Analyst: No more room for Polish-Russian confrontation

  

Mutual resentment between Poland and Russia is being replaced with openness and the beginnings of friendship in the emotional days since the tragic plane crash in Smolensk, in which the Polish president and his delegation lost their lives, Piotr Maciej Kaczyński, a researcher at the Centre for European Policy Studies (CEPS), told EurActiv in an interview.

Piotr Maciej Kaczyński is a political scientist and a visiting lecturer at various universities. 

He was speaking to Georgi Gotev.

To read a shortened version of this interview, please click here

What is the impact of the tragic plane crash in Smolensk on Polish-Russian relations?

What is known is the great degree, the great level of goodwill on both sides, in Poland towards Russia and in Russia towards Poland, and this is substituting what was before: the main sentiment in Poland towards Russia, which was suspicion, and the main sentiments of Russians towards Poles, which were ignorance or disappointment.

These sentiments are being replaced now, in these emotional days, with openness, and even, maybe, the beginnings of a friendship.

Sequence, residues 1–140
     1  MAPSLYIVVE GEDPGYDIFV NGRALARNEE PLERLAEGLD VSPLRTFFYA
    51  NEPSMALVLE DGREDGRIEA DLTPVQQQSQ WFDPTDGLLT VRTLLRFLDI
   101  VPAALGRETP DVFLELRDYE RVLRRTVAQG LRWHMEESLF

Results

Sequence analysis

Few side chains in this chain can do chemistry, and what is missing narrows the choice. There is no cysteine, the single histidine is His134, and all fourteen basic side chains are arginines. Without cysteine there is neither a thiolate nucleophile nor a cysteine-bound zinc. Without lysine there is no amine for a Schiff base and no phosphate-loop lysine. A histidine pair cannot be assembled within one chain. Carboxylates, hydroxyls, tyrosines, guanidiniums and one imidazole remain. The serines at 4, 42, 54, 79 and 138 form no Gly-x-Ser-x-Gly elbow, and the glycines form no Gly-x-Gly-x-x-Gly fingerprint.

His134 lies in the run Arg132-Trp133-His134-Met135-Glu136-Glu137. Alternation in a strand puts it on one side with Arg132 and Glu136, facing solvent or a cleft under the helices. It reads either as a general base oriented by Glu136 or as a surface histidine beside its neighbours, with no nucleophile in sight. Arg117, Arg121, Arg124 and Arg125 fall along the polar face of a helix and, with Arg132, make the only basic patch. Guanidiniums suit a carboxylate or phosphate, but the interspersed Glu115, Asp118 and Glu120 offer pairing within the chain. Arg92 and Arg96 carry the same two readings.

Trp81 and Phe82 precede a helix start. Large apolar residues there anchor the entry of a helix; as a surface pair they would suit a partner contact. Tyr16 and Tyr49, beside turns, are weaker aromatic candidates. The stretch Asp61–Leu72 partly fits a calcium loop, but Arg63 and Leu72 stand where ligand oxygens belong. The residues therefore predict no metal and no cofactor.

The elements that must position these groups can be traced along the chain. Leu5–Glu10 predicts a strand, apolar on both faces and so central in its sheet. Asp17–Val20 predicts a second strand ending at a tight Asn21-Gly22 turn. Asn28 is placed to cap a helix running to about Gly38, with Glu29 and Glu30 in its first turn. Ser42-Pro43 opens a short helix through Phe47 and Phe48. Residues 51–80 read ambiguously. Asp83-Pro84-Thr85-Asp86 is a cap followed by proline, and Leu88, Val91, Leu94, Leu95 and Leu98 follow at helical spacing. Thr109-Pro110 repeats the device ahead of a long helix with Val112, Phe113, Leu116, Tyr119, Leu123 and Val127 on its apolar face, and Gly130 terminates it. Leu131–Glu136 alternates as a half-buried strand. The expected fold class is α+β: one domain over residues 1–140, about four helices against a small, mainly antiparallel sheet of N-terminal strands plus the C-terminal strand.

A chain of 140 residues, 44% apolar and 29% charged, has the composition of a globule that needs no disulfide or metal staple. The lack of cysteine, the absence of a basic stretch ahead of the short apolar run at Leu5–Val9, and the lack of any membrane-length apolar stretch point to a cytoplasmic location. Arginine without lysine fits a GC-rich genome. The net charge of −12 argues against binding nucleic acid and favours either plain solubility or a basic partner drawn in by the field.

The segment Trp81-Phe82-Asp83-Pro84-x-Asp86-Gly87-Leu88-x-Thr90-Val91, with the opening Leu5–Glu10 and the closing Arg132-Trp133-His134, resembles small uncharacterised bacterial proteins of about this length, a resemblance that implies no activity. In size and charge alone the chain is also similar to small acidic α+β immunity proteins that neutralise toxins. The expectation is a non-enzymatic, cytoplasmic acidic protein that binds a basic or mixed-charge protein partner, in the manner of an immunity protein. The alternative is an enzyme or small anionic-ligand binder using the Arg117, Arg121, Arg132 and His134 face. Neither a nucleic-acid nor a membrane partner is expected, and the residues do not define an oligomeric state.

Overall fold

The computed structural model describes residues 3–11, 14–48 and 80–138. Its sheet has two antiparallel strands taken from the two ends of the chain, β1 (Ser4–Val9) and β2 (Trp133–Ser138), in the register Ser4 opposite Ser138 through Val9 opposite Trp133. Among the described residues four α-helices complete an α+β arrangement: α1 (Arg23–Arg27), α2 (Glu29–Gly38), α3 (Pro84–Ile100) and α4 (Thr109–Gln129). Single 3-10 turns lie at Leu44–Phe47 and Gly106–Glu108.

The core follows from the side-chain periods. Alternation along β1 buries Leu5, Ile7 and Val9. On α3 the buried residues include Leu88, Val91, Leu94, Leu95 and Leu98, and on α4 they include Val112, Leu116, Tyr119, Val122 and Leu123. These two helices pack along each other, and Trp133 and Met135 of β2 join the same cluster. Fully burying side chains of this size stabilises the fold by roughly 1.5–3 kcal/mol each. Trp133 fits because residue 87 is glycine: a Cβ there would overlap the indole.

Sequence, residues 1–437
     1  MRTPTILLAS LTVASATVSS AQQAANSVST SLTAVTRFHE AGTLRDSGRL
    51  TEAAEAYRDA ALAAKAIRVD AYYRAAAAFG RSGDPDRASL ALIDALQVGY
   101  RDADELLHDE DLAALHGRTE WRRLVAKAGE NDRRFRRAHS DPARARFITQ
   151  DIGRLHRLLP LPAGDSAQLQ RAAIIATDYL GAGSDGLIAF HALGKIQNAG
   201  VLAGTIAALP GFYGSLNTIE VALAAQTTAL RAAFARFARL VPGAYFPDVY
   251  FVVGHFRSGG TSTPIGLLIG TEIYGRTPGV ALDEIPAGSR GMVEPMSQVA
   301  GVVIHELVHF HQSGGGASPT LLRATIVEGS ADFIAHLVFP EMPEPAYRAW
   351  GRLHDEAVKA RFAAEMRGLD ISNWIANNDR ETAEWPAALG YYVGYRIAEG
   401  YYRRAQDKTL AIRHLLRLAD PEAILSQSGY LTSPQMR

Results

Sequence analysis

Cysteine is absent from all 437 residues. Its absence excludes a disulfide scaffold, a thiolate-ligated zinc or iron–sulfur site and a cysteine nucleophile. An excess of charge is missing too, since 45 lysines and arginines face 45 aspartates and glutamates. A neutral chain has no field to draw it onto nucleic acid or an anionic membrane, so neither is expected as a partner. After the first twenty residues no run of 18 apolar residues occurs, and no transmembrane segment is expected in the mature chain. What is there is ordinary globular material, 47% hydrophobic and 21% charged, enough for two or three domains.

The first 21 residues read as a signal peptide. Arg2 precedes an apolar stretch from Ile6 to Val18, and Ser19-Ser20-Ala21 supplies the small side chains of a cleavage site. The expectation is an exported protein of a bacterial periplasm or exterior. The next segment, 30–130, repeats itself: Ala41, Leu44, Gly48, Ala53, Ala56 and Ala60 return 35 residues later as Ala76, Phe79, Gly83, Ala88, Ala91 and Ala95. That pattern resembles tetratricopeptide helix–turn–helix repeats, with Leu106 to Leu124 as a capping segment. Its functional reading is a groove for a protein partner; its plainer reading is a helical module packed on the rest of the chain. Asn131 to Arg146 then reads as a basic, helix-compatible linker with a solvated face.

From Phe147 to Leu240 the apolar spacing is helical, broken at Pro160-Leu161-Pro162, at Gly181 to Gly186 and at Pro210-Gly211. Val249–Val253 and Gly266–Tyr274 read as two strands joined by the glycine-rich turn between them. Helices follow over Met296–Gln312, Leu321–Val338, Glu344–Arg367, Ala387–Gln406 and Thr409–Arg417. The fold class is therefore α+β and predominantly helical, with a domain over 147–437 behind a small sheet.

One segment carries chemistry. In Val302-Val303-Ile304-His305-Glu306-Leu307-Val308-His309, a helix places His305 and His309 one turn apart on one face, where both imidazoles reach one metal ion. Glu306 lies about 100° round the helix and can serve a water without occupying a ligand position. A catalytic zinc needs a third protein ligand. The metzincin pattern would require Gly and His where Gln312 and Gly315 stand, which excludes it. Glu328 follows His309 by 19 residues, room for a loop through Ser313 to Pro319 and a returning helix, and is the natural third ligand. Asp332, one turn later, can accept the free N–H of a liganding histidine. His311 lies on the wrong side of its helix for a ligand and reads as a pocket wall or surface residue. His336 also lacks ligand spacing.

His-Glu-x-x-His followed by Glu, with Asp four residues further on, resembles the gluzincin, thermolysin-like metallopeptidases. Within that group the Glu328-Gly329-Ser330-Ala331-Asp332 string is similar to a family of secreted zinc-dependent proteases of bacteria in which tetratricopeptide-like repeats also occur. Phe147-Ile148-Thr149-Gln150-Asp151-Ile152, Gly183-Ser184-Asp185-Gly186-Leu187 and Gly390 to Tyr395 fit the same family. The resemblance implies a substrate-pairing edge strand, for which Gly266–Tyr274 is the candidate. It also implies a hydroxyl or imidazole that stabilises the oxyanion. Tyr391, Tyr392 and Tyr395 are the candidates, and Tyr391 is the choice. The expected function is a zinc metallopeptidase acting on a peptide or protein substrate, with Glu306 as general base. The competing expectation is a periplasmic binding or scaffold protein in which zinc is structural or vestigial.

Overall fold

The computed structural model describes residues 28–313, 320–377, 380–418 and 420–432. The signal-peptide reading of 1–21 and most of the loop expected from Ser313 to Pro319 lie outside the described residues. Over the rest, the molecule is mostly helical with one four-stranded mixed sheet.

Now, how that will translate into policy remains a very difficult matter. The fact that the Russians were very open in the context of the tragic plane crash is great, but there needs to be a Russian debate on Stalinism as well.

But this is not the case. On the contrary, there is a process of rehabilitation of Stalin in Russia, sponsored by the Kremlin…

Exactly. This is not taking place, but it has to take place before real reconciliation is possible. Would that compel the Russians to say 'sorry' for Katyn [the massacre of 20,000 Polish officers and members of the country's elite in 1940 on Stalin's orders]? The Russians have never apologised for it. They have condemned it now, Putin has condemned it, but they have not apologised.

There are natural next steps to be taken. Will we see them at the funeral? Will we see them on 9 May [which marks the capitulation of Nazi Germany or victory day in the Second World War, as it is celebrated in Russia], or on another occasion?

There is definitely room for manoeuvre on the Russian side. On the Polish side as well, there is room for manoeuvre, because we had a dual policy towards Russia. There was a policy of rapprochement, under Prime Minister Donald Tusk, and a policy of confrontation, under President [Lech] Kaczyński.

This is why we had two commemorations of the Katyn massacre – one by Tusk together with Putin, and another one to which President Kaczyński went without being invited and without a Russian host. Is this perhaps why Kaczyński sometimes went uninvited to EU summits?

There you go: there were two different policies towards Russia and Eastern Europe, one by the government, and another one from the president.

But the paradox is that they have reinforced each other. Tusk would not have been as successful in his policy towards Russia without having President Kaczyński behind his back. He could tell the Russians: if you don't talk to me, talk to him. So it's better that you talk to me.